Watch a recording of the event, CNDLS Digital Learning Webinar Series_ Hypothesis in the Classroom – Social Annotation for Student Engagement, on Vimeo.
On Thursday, October 21st, CNDLS hosted the second Digital Learning Webinar Series of fall 2021. This webinar explored the possibilities offered by Hypothes.is, a digital tool for social annotation. The tool facilitates annotations on the web or on pdf texts, allowing you and your students to have a conversation over the text itself. Furthermore, the notes can include multimedia elements (images, audio, video, etc).
To demonstrate the Hypothes.is’ features, and how this tool could be used to engage students in group collaborative annotation, Assistant Director for Digital Learning Lee Skallerup Bessette walked faculty members through how Hypothes.is functions when used on a personal free account, and how does it work when it is integrated into Canvas, as well as the options for faculty to grade, review, and get a sense of how their students are interacting with the readings.
Below are some questions addressed during the webinar.
Is it possible to limit *when* students see each other’s posts?
It is not possible to limit when students see each other’s posts – the idea is students will annotate as they go through and benefit from seeing others’ annotations.
Can you talk a bit about the types of assignments?
Hypothesi.is can be used on Canvas as an assignment or in a module as an ungraded activity. The advantage of using it as an assignment is if you go into speed grader mode it will show you each student individual annotations. No matter how you use Hypothes.is, it is important to give clear directions to students as to the types of annotations you are looking for, as well as model what a “good” annotation looks like. Remember, annotation is a skill just like any other than requires practice and guidance. Hypothes.is helps make that process of critical reading and annotating transparent.
Could you show us what it looks like in a Module? Can you link to it from a Page in Canvas?
Refer to the recording to watch the process of setting up Hypothesi.is onto canvas. You can also refer to our documentation.
How does it work in SpeedGrader?
In the speed grader environment, it will show you the pdf and just one of your students’ annotations. Additionally, you will have the comments and the grade box underneath, and it will go in alphabetical order as SpeedGrader commonly does for assignments.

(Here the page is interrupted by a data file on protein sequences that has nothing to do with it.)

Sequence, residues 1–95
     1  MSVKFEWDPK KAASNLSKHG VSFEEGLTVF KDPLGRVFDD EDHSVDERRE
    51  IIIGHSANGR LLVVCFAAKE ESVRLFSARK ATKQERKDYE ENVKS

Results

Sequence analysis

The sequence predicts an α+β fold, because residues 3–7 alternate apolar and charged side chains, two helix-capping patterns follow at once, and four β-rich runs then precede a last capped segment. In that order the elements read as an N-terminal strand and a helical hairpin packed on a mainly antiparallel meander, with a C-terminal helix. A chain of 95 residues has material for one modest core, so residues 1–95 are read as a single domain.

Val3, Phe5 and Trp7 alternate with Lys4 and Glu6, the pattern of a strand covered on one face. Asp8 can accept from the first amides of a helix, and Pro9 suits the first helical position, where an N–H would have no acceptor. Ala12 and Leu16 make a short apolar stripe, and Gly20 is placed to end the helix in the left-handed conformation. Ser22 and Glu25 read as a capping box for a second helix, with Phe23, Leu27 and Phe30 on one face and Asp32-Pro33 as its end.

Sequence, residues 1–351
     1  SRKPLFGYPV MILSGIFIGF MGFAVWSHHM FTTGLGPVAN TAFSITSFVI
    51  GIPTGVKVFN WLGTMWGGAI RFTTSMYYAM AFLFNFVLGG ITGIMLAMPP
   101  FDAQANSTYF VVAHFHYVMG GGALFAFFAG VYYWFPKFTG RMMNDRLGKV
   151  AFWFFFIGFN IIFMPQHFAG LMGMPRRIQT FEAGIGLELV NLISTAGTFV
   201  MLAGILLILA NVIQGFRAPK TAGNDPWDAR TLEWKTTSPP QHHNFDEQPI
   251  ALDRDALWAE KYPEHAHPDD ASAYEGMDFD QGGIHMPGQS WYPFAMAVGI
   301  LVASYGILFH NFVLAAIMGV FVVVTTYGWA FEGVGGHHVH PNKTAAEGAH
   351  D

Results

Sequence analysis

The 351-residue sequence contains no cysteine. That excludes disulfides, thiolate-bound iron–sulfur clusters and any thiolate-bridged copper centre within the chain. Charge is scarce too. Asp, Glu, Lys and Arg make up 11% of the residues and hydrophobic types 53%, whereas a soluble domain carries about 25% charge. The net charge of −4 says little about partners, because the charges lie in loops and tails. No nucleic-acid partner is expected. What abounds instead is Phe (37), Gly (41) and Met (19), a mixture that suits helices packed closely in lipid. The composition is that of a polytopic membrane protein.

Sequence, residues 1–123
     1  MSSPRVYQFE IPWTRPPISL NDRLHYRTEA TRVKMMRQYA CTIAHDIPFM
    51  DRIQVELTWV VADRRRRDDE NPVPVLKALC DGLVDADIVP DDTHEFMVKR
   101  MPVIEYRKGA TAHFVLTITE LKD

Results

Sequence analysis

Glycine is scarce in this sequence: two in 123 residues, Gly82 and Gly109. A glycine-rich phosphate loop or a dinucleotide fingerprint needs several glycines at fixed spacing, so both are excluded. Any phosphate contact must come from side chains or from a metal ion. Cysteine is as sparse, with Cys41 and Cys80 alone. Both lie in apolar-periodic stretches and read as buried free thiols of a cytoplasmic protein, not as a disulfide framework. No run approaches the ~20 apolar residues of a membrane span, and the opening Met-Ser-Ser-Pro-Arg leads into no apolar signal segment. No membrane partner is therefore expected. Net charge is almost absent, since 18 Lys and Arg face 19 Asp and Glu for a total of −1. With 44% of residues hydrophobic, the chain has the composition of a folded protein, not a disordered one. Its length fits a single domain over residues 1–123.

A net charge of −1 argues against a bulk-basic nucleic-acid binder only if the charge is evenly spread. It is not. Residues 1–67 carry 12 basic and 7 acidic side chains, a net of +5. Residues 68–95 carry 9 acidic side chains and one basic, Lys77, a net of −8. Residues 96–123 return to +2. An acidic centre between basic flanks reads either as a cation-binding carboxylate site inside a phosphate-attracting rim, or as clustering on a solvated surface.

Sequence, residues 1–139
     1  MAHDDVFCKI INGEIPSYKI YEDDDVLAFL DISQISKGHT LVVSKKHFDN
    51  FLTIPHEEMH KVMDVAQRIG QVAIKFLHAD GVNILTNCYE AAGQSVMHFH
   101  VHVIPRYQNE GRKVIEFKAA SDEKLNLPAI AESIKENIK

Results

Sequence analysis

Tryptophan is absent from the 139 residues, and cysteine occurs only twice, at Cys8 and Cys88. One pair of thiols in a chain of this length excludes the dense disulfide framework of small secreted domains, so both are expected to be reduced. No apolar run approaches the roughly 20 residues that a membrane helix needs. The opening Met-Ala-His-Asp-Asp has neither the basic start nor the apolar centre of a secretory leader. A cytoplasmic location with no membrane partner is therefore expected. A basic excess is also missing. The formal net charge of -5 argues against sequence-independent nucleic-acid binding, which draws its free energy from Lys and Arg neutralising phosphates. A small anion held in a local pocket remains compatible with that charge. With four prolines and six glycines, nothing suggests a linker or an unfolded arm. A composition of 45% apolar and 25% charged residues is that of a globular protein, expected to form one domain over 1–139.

How would it work with images?
Unfortunately Is not possible because Hypothesi.is works with OCR (Optical Character Recognition) but for that purpose, you can use Voicethread. This tool allows you to actually comment over multimedia content.
As always, if you have any questions, you can email email@example.com, or you can attend our office hours for more support and advice on classroom technologies. To review our previous DL webinars, you can watch the recordings on The Prospect blog.
Save your calendar time for our upcoming webinar, November 18th: Digital Storytelling for Inquiry, from 12:00pm-1:00pm. Although many of us rely on inquiry as a pedagogical mode and motivator, we do not always apply the same philosophy to the media we produce — whether for online courses, flipped classroom videos, or student media projects. When preparing to share what we know — either as a teacher or a student — we often forget all that we instinctively know about storytelling. Those compelling anecdotes we might share in a lecture or conversational context get lost because we don’t have the same real-time feedback we rely on from our audience. In this session, we will discuss pedagogical research that supports inquiry-based digital storytelling and dissect exciting examples of educational media. Participants will apply hands-on outlining and drafting techniques to rethink their digital media assets and assignments with inquiry in mind.
You can sign up for the webinar using this link: https://bit.ly/StorytellingforInquiry